The White House plans to support pharmacies and drugstores in the abortion pill battle

WASHINGTON, April 9 (Reuters) – The White House intends to resume discussions with abortion pill manufacturers and U.S. pharmacy chains on ways to counter efforts to ban mifepristone, two sources familiar with the matter said, as the United States resumes its decision to ban mifepristone. Texas court rules to suspend drug approval.

U.S. District Judge Matthew Kasmarek in Amarillo, Texas, on Friday halted approval of mifepristone, which would make sales of the pill illegal in the United States, while a legal challenge continues. A conflicting ruling in Washington state on Friday blocks changes to grain sales in 17 states.

In January, the Food and Drug Administration made a regulatory change that allowed retail pharmacies to offer abortion pills in the country for the first time, but more than a dozen states have passed laws limiting such sales.

There are no retail pharmacies currently approved to dispense mifepristone and many are going through the accreditation process.

“We are discussing ways to provide them with legal support,” one source said of manufacturers and retail pharmacies.

The sources said that options being discussed include asking the US Department of Justice to support any legal challenges brought against manufacturers and pharmacies, and providing legal advice on how to continue distributing the pills. The Justice Department is separately seeking an emergency stay of the Texas order.

A senior administration official said the White House does not direct the Justice Department’s litigation strategy. The official also said that the Justice Department does not provide legal advice to private entities. There is a separate voluntary process that allows private attorneys and law firms to do legal work on various cases overseen by the agency.

It was not immediately clear which companies would participate in these discussions. The White House declined to comment.

Major manufacturers of abortion pills in the United States include GenBioPro Inc and Danco Laboratories. Among the pharmacy chains distributing such pills are Walgreens Boots Alliance Inc (WBA.O), CVS Health Corp (CVS.N) and Rite Aid Corp (RAD.N).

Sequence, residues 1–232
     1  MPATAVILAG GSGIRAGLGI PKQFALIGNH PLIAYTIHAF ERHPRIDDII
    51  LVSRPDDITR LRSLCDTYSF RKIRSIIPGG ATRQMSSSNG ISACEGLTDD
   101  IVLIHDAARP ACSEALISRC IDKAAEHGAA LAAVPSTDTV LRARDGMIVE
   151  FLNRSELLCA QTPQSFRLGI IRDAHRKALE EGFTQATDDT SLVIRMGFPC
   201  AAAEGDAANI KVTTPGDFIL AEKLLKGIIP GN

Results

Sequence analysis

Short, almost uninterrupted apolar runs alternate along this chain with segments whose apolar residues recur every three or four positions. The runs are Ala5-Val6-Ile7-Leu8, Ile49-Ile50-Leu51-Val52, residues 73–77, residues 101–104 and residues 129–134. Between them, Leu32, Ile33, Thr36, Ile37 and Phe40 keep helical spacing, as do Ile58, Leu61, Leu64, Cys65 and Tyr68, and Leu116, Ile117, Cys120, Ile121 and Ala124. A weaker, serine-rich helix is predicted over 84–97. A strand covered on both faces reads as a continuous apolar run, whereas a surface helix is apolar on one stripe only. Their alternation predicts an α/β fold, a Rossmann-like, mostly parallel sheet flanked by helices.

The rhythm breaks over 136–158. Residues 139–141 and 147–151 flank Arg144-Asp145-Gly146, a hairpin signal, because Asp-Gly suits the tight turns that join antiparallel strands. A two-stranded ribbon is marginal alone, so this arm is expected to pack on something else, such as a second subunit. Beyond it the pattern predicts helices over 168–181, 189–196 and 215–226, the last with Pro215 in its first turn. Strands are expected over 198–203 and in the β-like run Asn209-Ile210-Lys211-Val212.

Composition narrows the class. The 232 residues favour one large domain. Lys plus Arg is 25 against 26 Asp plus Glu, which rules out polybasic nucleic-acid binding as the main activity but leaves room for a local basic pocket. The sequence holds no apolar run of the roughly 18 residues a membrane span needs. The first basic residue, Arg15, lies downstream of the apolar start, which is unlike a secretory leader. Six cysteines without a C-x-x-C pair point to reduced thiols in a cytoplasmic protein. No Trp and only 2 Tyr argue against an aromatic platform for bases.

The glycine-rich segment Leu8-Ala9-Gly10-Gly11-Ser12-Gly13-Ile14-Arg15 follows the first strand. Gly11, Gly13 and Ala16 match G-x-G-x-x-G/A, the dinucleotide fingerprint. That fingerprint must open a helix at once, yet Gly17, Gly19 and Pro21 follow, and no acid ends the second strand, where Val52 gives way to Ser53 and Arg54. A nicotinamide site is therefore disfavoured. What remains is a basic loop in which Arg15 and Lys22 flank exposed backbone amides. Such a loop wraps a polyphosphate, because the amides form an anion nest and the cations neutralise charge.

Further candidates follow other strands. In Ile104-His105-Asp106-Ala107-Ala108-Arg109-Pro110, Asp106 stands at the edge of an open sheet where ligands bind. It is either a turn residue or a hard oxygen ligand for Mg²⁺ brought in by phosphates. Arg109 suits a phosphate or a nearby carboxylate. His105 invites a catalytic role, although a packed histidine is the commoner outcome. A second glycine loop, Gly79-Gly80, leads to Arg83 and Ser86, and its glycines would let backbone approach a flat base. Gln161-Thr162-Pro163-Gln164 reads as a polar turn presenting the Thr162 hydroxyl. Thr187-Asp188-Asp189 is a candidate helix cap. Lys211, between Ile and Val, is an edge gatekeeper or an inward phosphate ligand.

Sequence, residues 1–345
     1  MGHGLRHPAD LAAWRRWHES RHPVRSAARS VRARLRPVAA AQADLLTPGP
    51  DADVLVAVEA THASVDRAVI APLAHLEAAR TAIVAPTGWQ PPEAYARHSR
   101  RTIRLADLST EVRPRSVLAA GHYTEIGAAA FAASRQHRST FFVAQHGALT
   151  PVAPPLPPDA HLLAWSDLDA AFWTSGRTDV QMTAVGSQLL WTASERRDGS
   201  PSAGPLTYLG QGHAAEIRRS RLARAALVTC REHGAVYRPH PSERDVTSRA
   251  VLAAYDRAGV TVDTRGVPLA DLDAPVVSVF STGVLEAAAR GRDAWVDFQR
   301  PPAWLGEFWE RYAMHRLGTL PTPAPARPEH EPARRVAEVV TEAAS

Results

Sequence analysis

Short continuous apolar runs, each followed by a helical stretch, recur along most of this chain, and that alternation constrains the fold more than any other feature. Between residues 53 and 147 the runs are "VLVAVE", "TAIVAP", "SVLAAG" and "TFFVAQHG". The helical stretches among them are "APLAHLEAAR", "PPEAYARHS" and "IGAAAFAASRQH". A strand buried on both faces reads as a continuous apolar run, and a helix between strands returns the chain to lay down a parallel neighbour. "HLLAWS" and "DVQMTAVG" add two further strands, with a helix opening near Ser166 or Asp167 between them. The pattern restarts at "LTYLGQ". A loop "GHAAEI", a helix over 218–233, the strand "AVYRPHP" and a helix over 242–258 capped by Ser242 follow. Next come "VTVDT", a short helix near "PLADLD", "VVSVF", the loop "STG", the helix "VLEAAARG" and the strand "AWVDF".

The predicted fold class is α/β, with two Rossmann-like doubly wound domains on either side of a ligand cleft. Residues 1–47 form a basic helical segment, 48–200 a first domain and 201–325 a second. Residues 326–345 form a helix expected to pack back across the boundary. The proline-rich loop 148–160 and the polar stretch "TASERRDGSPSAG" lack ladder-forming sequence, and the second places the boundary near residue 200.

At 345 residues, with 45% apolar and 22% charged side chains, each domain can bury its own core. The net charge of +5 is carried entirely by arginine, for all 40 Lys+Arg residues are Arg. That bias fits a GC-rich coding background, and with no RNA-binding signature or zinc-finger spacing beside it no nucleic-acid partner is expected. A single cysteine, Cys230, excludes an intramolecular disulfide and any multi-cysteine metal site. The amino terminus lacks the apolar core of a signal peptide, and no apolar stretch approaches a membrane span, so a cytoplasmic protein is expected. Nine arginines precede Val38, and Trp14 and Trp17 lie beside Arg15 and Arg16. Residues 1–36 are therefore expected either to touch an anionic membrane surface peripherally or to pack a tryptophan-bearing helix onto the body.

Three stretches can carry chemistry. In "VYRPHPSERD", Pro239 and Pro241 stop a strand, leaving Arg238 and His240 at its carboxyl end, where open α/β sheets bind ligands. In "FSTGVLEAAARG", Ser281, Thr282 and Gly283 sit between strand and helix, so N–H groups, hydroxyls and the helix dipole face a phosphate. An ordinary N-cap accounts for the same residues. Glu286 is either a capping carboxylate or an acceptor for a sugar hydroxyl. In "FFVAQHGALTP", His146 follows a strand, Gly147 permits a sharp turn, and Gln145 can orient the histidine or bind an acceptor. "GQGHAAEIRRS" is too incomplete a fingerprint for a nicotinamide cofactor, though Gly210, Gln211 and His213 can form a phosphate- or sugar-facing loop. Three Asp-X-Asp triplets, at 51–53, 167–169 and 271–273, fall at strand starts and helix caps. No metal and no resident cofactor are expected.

Walgreens said in March that it would no longer distribute abortion pills in the 20 states where it would risk violating the law.

On Sunday, Walgreens declined to comment. The other companies did not respond to a request for comment on any discussions with the White House.

The administration official said the White House “has previously been in contact with both pharmacies and manufacturers but we have not had any discussions about this matter since Friday when the decision was issued.”

The official said any potential future talks would not include decisions that affect “how the FDA works or operates.”

The White House Gender Policy and Governmental Affairs Council and the Office of the Vice President have been holding strategy calls for nearly two months on how to make medical abortion available following the Texas judge’s ruling, anticipating Friday’s outcome.

Discussions between the Biden administration, pill manufacturers and pharmacies over the issue have been ongoing for months, but Friday’s decision brings new urgency, the sources said.

Relief of Washington State

A flurry of strategic calls to the White House on Friday and Saturday also focused on the “immediate and short-term” relief offered by the conflicting order from Washington state, three sources said.

Minutes after Texas Judge Kaczmarek’s order, US District Judge Thomas Rice in Spokane, Washington, an Obama appointee, ordered the FDA not to make any changes to access to mifepristone in some Democratic-led states.

The administration believes Washington’s ruling gives it more time to legally respond to Texas’ final decision. That “could expedite the Texas review, encourage an immediate halt to it and put a big question mark over it,” one source said.

Politically, that makes it easier for the White House to explain to the public that the FDA’s approval of the drug was accurate, and to mobilize activists and supporters to turn the issue into one that resonates with voters ahead of the 2024 presidential election, the sources said.

“There’s a lot of legal analysis that needs to be done…on how these two things interact,” the senior administration official said.

President Joe Biden and Vice President Kamala Harris said Friday that the administration would oppose the Texas ruling.

“We will fight this decision,” Biden said on Twitter. The Attorney General announced that @TheJusticeDept will file an appeal and seek an immediate stay of the decision.

The legal battle will likely drag through multiple levels of appellate courts over months or years before it is resolved.

The administration is seeking an emergency stay of Kaczmarek’s order from the New Orleans-based 5th U.S. Circuit Court of Appeals.

The path forward discussed during the White House strategy calls touched on how the Justice Department could wait for a decision from the Fifth Circuit, which has a conservative reputation, the sources said.

They said that if the ruling was not stayed, the ministry would seek an expedited review by the Supreme Court.

(Reporting by Nandita Bose in Washington; Preparing by Muhammad for the Arabic Bulletin) Editing by Heather Timmons, Margarita Choy and Diane Craft

Our Standards: The Thomson Reuters Trust Principles.

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